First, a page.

Yet the problem with the push to scrub historical figures, he said, is that “in the end we dissociate ourselves from our own past.” And where do you draw the line, O’Shaughnessy asked?
Four of America’s first five presidents were slave owners. Are we going to drop the name Washington? Maybe the capital city should change its name. How far do you take this? Maybe this is a lesson to teach people, that the origins of our country are intertwined with slavery, whether we like it or not. It’s not just confined to a few founding fathers.
Despite the revelations in the last two decades that Jefferson likely fathered children with Sally Hemings, one of the more than 600 slaves he owned, his legacy is surely safer than that of Jackson’s. As O’Shaughnessy noted, Jefferson has better anti-slavery credentials than Jackson, having spoken out against the practice and having signed legislation in 1807 abolishing the slave trade. And while the names of fund-raising dinners can be changed rather easily, Jefferson is much more permanently enshrined atop Mount Rushmore and through his namesake memorial in Washington.
Though long lauded as a champion of popular democracy, Jackson has been under siege in recent years both for his support of slavery and for his brutal campaigns against the Cherokees before and during his presidency. The grassroots effort to put a woman on U.S. currency has centered on removing Jackson from his place on the $20 bill (although the Treasury Department has announced that a woman would go on the redesigned $10 note instead). While Democrats in Tennessee are naturally more protective of Jackson, Mancini said she’s encountered multiple people during her seven months as party chairman who have urged her to remove his name from the annual fund-raising dinner. “I think we absolutely need to have that conversation now,” she told me. “It’s something that should be discussed, and it’s going to be.”
At the same time, Mancini said Jackson still merited a place of honor in the party. “The spirit of Andrew Jackson is the spirit that flows through the Democratic Party, that the common man gets his day and has his voice,” Mancini said. “We’ll be forever grateful and honor that legacy. But everything evolves, and we can’t really hold anything static. So might be find we find someone else who better exemplifies who we are today? Sure, absolutely. But we don’t need to vilify him in order to do that.”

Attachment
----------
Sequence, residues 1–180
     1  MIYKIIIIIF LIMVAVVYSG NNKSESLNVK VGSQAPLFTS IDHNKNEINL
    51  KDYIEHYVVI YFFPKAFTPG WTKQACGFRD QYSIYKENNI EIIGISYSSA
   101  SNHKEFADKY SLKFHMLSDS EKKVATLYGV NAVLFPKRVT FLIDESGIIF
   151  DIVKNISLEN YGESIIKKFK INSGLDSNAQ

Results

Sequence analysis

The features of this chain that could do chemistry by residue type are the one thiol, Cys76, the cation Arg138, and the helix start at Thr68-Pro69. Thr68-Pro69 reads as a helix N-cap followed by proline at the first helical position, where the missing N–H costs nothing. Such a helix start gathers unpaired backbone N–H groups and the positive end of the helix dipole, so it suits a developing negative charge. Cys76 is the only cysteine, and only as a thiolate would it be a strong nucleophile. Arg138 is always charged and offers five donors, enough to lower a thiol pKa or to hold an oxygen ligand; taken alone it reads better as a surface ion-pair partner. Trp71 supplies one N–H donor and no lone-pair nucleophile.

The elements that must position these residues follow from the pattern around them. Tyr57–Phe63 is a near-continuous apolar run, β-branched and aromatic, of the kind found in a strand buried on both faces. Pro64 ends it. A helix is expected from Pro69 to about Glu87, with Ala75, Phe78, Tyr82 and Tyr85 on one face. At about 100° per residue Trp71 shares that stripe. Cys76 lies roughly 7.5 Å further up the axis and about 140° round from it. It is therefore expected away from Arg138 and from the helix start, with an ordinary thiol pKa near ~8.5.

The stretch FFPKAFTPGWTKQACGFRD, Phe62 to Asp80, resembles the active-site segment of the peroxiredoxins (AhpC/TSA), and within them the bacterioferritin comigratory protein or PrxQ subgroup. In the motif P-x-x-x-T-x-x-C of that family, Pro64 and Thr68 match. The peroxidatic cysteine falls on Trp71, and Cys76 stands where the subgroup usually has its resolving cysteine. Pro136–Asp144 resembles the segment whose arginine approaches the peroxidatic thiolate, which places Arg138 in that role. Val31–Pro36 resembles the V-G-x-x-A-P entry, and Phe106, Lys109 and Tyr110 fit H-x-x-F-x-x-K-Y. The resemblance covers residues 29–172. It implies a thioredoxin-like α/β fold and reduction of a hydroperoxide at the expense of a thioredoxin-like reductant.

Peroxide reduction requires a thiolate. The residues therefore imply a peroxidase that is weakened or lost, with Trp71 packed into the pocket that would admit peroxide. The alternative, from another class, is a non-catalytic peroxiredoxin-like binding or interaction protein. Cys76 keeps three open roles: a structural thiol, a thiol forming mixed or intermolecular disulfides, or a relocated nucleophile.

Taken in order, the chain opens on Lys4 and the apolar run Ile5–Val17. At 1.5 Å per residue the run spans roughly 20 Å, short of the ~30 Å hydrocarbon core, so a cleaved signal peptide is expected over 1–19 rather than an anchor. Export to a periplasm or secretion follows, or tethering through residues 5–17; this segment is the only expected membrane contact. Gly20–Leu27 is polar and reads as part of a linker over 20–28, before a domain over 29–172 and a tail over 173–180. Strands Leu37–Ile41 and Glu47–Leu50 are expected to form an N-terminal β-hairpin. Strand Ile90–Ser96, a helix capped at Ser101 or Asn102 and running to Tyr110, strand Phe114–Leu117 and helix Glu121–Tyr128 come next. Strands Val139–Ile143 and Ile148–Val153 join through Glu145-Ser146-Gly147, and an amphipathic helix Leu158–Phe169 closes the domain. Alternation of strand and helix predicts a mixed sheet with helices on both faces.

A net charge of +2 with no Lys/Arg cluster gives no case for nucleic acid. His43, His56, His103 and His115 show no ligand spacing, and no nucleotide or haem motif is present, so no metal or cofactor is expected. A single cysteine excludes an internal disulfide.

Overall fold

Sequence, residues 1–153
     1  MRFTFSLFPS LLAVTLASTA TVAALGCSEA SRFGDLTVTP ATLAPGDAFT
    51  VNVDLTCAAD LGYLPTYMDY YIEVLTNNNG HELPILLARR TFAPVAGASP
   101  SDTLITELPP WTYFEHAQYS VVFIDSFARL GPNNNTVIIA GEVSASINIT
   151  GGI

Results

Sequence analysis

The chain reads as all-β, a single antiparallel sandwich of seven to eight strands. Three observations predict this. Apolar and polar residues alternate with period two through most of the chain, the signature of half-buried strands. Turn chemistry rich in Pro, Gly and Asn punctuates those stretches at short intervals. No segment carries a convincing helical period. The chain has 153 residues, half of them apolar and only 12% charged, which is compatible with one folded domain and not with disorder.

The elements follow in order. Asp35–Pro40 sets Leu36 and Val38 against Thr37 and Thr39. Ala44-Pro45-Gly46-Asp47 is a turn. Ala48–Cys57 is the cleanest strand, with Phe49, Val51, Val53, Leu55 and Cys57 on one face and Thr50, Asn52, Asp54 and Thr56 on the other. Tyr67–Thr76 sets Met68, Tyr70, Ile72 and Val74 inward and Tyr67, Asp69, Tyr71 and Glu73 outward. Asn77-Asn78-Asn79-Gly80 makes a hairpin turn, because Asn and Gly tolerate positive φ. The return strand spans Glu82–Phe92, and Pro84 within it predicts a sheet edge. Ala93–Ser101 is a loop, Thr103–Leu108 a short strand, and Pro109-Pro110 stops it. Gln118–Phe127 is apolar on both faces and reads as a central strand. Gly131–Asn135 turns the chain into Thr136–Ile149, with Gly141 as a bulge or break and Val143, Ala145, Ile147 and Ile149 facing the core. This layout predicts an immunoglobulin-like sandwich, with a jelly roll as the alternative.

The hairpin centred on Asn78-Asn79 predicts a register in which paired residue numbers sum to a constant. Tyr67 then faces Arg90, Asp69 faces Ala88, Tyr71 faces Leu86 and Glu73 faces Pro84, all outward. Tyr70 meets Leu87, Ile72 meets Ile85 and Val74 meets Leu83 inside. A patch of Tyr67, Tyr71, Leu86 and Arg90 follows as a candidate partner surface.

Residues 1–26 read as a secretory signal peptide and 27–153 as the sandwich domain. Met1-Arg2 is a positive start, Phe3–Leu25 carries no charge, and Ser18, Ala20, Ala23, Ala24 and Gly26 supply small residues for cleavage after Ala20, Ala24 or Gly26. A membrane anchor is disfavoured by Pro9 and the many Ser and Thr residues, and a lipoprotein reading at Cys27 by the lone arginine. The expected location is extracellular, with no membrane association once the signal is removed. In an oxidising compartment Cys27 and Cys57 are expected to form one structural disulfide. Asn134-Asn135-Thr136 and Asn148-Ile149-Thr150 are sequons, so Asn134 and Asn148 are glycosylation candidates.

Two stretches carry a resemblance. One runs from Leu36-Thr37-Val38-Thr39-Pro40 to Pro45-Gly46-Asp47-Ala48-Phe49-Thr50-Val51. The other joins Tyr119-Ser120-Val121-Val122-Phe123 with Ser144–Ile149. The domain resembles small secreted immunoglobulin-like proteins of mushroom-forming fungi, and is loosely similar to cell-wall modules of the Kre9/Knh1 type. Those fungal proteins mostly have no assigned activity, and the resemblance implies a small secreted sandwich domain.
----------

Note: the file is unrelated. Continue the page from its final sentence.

As for the $20 bill, Mancini said that when the topic came up earlier in the year, Democratic leaders in the state were in agreement that it should continue to feature Jackson. That debate, she insisted, should not be mixed up with the controversy over the Confederate flag. “Nobody is wrapping themselves in the $20 bill and then going into an African American church and murdering nine innocent people,” Mancini said. “So I think we’re looking at apples and oranges when you compare Andrew Jackson’s visage on the $20 bill with the Confederate flag.” (She acknowledged, however, that an African American or a Native American might see things differently, and that they should be part of the upcoming discussion.)
Whether Tennessee, Iowa, or South Carolina will actually go through with their planned name changes is unclear. Virginia Democrats declined to comment on the question, though there doesn’t appear to much of a movement to abandon Jefferson’s legacy in his home state. And then there’s the old regional politics to consider: Connecticut, as O’Shaughnessy noted, was the heartland of the Federalist Party, which stood in opposition to Jefferson’s vision of democracy.
If the Democrats move away from Jefferson and Jackson, who will they embrace instead? Roosevelt and Kennedy are obvious options, and Hillary Clinton is already embracing the legacy of both Franklin and Eleanor Roosevelt early in her second presidential campaign. Despite his escalation in Vietnam, Lyndon Johnson is also getting another look amid the 50th Anniversary celebrations of the Civil Rights Act and the Voting Rights Act. And it’s already been suggested that within a few decades, Democrats could be raising money at annual Clinton-Obama party dinners—or would it be Obama-Clinton?
How future historians evaluate and reeevaluate the past is, of course, a reflection of the values of the present. Perhaps, O’Shaughnessy suggested, the current generation of leaders will be judged in the future less on issues of equality and more, say, on their positions on climate change. “It’s the irony of history that it’s always changing,” he said. “It’s due partly to new information, but its also due to our changing values and what we really think is important. And obviously it changes with time.”